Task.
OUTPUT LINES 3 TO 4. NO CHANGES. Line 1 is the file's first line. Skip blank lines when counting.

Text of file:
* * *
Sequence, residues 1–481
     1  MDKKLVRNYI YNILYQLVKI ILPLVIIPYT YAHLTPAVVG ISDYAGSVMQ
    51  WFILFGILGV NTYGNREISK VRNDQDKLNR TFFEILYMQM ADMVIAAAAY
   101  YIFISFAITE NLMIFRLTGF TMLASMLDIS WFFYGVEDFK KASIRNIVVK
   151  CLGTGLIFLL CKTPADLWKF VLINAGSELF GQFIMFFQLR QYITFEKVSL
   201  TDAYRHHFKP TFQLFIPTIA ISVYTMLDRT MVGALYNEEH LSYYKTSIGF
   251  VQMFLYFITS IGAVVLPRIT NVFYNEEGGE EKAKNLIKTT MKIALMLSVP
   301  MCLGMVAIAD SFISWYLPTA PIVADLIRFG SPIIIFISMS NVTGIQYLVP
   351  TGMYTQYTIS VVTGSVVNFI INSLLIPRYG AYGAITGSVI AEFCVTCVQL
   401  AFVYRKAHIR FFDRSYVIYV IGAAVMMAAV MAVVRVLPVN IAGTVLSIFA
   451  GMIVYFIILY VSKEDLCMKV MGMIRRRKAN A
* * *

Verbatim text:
    51  WFILFGILGV NTYGNREISK VRNDQDKLNR TFFEILYMQM ADMVIAAAAY
   101  YIFISFAITE NLMIFRLTGF TMLASMLDIS WFFYGVEDFK KASIRNIVVK